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The curious case of Google acquiring AdMob

“On November 9, 2009 Google announced an agreement to acquire AdMob, a mobile display ad technology provider, for $750 million. This acquisition will enhance Google's existing expertise and technology in mobile advertising, while also giving advertisers and publishers more choice in this growing new area.”

moBistro Google AdMob
“Mobile advertising is a rapidly growing and competitive space, and Google and AdMob are currently specializing in different areas. Though Google offers many forms of mobile advertising, its focus to date has been on mobile search ads, while AdMob's focus has been mobile display ads and in-application ads.”

These two statements are taken directly from Google’s press release. Sounds like the perfect fit. For Google, it is. For developers, advertisers and end-users, one can argue the case either way

For those of you who don’t know Google or AdMob, here’s a quick primer:
Google (NASDAQ: GOOG) is the largest search engine in the world garnering about 60% of search traffic. Headquartered in Mountainview, CA, it processes millions of search request every day and about 1 petabyte of user-generated data every hour (1 petabyte = 1,000,000,000,000,000 bytes).
AdMob (now owned by Google) is the world’s largest mobile advertising platform serving more than 10+ billion mobile banner and text advertisements per month (October, 2009) on mobile websites and mobile apps.


With this acquisition, it is apparent that Google thinks that mobile technology is ready for prime-time. Already, there are about 4 billion mobile devices on the planet; that’s about 4 times the number of desktops or the number of cars. Granted that only a fraction of these 4 billion are Smartphones, but the Smartphone market’s product diffusion curve is only beginning (Google “product diffusion curve” for more info).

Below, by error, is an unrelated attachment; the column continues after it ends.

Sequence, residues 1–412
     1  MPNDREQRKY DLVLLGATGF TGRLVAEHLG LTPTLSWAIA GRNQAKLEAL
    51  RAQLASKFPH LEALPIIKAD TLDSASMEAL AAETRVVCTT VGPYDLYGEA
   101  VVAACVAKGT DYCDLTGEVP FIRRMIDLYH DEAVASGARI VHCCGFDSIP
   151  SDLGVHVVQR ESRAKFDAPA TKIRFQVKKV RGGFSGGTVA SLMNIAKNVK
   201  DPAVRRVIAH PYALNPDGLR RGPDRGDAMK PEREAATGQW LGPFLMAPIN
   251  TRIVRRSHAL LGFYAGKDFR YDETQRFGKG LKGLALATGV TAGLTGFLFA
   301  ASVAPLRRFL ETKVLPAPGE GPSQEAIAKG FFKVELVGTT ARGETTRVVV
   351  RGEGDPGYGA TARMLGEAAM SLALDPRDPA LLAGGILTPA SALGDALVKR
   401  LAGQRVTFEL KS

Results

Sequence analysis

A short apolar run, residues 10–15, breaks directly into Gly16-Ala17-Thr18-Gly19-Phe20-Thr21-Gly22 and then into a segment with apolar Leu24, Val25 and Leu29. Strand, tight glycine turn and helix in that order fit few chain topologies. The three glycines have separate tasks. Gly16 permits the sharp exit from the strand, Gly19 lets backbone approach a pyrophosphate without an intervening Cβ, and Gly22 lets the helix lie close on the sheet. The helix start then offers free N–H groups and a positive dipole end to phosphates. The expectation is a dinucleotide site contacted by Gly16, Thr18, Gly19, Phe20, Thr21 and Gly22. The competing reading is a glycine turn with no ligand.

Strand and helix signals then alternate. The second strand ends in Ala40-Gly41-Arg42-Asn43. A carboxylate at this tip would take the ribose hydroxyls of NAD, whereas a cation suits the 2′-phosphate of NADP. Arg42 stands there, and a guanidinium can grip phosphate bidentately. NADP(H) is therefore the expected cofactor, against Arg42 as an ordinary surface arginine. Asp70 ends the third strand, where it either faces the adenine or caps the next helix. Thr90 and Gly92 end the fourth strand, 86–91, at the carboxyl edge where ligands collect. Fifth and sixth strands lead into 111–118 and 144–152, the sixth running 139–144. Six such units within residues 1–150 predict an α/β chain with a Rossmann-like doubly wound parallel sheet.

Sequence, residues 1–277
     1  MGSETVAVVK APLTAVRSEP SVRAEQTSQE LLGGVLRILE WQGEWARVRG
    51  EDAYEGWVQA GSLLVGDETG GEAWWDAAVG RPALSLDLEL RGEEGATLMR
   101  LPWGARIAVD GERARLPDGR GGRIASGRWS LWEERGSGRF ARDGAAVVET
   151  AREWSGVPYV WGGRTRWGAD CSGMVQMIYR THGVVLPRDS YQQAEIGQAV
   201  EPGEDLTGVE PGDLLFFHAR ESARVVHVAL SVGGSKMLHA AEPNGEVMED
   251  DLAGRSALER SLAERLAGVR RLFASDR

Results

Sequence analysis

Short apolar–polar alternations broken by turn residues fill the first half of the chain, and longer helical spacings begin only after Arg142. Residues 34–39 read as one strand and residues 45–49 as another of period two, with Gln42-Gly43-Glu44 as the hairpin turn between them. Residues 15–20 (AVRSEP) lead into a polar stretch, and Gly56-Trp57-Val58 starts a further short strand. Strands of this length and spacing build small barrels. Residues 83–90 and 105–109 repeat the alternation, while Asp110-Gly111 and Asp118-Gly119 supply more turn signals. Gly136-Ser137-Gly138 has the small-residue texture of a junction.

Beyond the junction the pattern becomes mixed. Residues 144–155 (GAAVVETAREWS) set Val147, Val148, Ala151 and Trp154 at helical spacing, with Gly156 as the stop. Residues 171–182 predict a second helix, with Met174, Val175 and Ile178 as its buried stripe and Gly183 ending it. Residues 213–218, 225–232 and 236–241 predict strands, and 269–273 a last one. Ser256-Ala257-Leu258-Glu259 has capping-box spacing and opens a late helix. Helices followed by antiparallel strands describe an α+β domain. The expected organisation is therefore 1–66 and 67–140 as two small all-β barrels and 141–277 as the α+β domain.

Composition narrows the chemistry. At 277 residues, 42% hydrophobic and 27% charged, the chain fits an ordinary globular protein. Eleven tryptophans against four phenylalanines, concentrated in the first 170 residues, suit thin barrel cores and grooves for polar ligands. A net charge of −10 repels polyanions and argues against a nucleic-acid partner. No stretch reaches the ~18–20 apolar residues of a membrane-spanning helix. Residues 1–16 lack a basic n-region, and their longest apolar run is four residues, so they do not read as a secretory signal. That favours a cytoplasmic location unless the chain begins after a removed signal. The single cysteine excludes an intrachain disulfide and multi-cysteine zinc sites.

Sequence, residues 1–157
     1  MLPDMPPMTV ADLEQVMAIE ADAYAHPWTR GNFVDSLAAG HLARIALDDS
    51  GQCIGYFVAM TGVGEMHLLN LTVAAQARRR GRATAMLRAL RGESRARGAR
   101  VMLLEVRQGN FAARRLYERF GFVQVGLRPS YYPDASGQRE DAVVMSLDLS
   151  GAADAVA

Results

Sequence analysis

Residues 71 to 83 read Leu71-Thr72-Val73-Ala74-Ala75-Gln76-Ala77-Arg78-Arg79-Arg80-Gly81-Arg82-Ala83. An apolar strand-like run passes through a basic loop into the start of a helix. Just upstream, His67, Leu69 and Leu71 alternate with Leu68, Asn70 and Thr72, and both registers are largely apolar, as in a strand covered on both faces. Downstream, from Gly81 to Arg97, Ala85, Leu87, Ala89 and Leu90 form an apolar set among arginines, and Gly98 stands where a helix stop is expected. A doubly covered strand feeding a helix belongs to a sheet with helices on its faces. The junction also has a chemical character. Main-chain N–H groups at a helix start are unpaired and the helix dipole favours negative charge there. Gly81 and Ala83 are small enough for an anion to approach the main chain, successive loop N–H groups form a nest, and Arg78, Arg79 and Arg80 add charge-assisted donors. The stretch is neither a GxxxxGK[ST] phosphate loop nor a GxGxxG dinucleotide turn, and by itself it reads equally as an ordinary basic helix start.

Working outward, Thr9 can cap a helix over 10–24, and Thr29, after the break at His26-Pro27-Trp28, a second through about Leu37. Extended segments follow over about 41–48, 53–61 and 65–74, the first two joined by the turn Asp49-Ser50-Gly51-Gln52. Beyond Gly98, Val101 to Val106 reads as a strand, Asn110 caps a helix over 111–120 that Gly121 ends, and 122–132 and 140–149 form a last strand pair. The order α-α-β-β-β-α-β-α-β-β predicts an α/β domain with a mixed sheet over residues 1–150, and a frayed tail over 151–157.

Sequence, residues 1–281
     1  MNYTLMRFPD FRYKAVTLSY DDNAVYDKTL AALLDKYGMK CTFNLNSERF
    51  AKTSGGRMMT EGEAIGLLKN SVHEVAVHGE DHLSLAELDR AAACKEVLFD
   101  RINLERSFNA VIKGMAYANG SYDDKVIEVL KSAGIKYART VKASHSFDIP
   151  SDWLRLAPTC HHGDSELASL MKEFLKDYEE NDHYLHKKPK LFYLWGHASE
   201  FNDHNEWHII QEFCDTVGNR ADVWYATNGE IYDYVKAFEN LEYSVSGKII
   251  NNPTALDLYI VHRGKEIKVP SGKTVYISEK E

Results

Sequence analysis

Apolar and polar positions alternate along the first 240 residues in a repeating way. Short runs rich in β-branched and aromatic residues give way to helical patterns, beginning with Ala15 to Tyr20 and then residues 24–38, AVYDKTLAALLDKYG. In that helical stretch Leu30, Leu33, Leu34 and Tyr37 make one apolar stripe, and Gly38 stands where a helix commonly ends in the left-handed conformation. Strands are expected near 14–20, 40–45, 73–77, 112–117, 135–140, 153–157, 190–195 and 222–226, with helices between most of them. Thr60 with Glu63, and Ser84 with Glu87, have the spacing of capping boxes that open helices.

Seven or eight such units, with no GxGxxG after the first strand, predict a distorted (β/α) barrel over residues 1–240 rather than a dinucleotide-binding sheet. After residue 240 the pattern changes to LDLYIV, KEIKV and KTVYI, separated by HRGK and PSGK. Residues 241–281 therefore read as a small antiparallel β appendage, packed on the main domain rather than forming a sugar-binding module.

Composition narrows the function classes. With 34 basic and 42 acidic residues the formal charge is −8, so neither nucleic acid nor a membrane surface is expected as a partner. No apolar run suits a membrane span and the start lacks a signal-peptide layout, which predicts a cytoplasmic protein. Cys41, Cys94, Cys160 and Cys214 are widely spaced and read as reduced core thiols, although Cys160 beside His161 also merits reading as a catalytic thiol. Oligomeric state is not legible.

The AdMob acquisition has a curious nuance to it.

In July, 2005, Google acquired Android, Inc. Android is a mobile operating system competing directly with Apple, Blackberry, Palm, Symbian and Windows (of course, moBistro is compatible with all of the above). The mobile operating system war has only seen a couple of chapters. Over the past year-and-a-half, most of the focus has been on Apple’s iPhone and iPhone apps. According to AdMob’s October, 2009 report, Apple (iPhone and iPod Touch) had the biggest slice of the pie at 32.1% of ad requests worldwide. In the US, Apple’s share of the pie was at 35.5%.

The past few months have seen the competition get a little fiercer. A few new Android phones have been introduced (you may have seen the “Android Does” Verizon ads on TV). Blackberry has also wised up and launched their version of the app store. Palm too has started to make some noise with its Palm Pre device. Microsoft and Nokia have announced plans (yawn).

Food for thought.

So what’s next? Now that Google owns AdMob, will they be unbiased in forging ahead with ubiquitous technologies, or will they favor the Android platform? Over the past couple of months, AdMob has made no secrets that they are “bullish on the Android platform.” Is this coincidence, or is it just showing ownership bias? You can argue it either way. After all, with multiple phones and multiple networks now using Android, it has certainly started to capture some of the market share.

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